Çan nomaccah in nix in noyollo inic ni nouatzaz. [anoço] inic ninocueponaltiz

The importance of flowers. Detail from a mural by Antonio González Orozco, Hospital de Jesús Nazareno, Mexico City
The importance of flowers. Detail from a mural by Antonio González Orozco, Hospital de Jesús Nazareno, Mexico City

If it is to be it is up to me

This proverb, from Of the Manners of Speaking That the Old Ones Had: The Metaphors of Andrés de Olmos, is titled ‘Choice’, and its literary interpretation is as follows:-

It is only by my hand, by my face, my heart, my spirit
that either I will wither, or I will bloom,
I will become as green land, as tilled earth
I will germinate, I will sprout.

Ie onquiza naoalli: anoce ónquiz in naoalli

Tecolote or ‘owl-man’ (nahual), Codex Borgia pl. 7
Tecolote or ‘owl-man’ (nahual), Codex Borgia pl. 7

His nahual’s helping him

While some people work their hearts out to earn a living - or to study and learn a subject or trade - others are lazy, mess about, and don’t seem to do any work, and yet end up getting rich - or knowing a subject inside out with zero effort. Then it’s said that their nahual has come out (to help).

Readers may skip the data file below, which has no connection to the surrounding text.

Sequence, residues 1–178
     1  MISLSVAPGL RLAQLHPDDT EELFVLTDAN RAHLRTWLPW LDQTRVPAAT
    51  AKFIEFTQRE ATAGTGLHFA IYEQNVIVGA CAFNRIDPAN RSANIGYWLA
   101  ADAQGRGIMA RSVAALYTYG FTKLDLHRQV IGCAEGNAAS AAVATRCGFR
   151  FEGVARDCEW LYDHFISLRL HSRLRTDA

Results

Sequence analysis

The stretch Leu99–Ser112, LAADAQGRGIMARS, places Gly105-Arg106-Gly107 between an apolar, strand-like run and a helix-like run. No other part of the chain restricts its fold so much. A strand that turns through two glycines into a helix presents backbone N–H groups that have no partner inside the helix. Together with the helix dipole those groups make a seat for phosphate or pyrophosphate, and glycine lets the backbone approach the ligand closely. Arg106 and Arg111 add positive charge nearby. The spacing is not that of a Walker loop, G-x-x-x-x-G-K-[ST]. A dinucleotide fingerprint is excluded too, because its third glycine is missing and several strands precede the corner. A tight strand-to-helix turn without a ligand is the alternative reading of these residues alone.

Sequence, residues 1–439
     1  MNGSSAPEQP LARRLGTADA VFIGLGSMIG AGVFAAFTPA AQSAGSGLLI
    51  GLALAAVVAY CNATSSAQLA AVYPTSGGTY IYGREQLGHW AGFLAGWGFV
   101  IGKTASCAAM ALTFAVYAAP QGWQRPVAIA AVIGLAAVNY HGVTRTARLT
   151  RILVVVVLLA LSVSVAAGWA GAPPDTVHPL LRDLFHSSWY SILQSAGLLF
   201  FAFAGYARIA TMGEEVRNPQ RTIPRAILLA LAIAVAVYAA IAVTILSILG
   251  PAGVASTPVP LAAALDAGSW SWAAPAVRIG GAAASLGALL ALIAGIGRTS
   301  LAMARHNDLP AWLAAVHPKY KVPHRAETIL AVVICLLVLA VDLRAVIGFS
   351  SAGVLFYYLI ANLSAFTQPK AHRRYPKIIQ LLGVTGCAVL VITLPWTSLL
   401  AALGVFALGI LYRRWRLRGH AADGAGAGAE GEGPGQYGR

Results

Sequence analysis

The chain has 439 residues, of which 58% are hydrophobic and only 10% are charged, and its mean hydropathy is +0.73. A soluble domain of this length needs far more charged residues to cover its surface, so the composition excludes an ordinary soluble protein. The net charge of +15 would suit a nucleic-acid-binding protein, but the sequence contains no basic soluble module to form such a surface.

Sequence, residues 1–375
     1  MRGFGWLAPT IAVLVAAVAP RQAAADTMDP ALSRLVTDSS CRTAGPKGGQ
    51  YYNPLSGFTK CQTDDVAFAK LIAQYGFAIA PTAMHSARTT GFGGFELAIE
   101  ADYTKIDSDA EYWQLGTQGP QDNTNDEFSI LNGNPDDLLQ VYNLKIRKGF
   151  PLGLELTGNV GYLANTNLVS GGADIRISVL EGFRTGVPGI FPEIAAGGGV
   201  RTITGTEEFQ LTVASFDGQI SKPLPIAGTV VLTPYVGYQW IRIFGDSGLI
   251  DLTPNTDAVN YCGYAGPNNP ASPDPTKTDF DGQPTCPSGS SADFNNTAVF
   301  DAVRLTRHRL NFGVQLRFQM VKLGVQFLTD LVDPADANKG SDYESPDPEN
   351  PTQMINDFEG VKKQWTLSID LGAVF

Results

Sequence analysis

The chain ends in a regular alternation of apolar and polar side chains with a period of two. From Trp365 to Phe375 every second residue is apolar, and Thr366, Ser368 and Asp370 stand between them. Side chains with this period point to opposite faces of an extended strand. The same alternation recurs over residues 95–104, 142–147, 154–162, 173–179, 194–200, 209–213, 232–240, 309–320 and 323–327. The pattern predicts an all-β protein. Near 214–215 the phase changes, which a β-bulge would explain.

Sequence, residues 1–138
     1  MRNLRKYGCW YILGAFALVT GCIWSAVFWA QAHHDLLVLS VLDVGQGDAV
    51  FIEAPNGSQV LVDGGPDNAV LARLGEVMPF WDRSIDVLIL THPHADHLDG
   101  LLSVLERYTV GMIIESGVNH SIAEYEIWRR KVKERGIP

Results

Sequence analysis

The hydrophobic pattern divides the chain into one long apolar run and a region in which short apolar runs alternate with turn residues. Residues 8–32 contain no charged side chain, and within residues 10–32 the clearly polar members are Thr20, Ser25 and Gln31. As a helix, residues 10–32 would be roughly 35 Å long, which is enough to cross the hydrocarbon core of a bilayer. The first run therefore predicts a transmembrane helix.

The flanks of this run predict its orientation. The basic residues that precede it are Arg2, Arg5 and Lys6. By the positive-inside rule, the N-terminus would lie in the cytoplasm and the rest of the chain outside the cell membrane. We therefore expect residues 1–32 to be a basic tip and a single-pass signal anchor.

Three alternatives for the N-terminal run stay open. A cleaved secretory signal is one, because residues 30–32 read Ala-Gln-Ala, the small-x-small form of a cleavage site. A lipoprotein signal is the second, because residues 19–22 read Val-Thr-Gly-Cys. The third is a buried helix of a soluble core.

Whilst in ancient times the nahual was a person’s (animal) companion spirit or alter ego (with good and bad aspects) more recently it has taken on a more negative association, like a ‘goblin’ or even ‘devil’.

Ma chapultépec ninaalti

The hill of Chapultepec - part of the Aztecs’ migration story from the Codex Boturini, fol. 18
The hill of Chapultepec - part of the Aztecs’ migration story from the Codex Boturini, fol. 18

Time to bathe in Chapultepec!